We stepped onto the dock and started hooting and hollering, dancing about. We kissed the dock.  Then Connie and I ran up the ramp to find actual earth, just to touch it.  As I jumped into the grass, Connie held me back from stepping right into dog poop.  How appropriate.  We kissed the ground, symbolically.
I checked in at the office where they were quite friendly and conversational, getting our whole story and then giving us tips as to where to provision, do laundry, have dinner, etc..  Back at the dock, we were kept distracted by all the people coming and going, most of them pausing to say hello and talk us up.  We started in on the wine by early afternoon.  One boater came by and gave us a jar of home made salmon berry jam and a fresh flower arrangement clipped from her anniversary bouquet. Then later her husband stopped by, drink in one hand, and chart in another, and made himself comfortable in the cockpit while he pointed out all the wonderful places to visit nearby.  His wife returned and we had a nice sunset party.

 

We were told that our mooring spot was reserved for special boats, being right next to the ramp and the fish cleaning station.  When I checked our slip number, I found that the spot was the frequent mooring of the fishing vessel Sylvia, the same boat we hailed when we came into the coast looking for an anchorage.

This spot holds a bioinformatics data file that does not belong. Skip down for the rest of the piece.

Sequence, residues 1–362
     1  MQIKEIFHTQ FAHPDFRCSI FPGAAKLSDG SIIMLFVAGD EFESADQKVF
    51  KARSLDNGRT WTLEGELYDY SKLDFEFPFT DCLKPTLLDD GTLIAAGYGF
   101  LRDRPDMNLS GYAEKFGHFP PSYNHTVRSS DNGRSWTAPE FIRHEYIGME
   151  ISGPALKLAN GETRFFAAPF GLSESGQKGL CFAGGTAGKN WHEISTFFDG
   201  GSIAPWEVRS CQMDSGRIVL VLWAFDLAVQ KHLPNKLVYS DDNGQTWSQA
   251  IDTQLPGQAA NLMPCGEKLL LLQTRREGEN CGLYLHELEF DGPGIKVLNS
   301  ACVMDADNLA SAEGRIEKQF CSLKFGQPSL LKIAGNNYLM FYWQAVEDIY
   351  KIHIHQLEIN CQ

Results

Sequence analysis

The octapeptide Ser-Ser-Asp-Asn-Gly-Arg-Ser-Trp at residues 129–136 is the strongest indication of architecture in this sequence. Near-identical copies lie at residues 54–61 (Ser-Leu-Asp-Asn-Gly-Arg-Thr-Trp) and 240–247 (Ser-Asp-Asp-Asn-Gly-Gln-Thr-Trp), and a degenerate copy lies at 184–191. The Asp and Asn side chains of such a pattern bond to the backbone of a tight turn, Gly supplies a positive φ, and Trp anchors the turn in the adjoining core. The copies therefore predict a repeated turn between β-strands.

A young family came by with a big tub of crab and the husband started cleaning them.  Fairly lubricated by then, and always gregarious with new people anyway, I joined them to watch the process.  We met the kids and talked to the wife and when they finished the husband looked at me and said, "Bring me a plastic bag and I'll give you some of these."  I did, and soon we found ourselves back in the cockpit cracking crab, making a feast out of it. They had 2 small children who were happy to eat our Oreo cookies as a token of our appreciation.




Soon it was dark and another couple came by the fish cleaning station and started processing halibut.  He made it look so easy as his sharp knife filleted the big fish.  Of course, we came over and watched, and talked, and made friends and ended up with two pounds of fresh halibut in the refrigerator.  These Alaskans, they are very generous.




The next morning we got Randy off to the plane and Connie and I started taking apart the boat, opening up the storage areas and dragging every thing out into the sunlight.  Much was wet.  Some things were starting to mold.  So we made a project of it and right now the boat is such a mess you can barely move.  We will wash every stitch of clothing and all the bedding and towels.  This will take us a few days.  We couldn't be in a better place to get our act together.  The price is cheap, the store and laundry are close by, the neighbors are friendly, and the weather is good.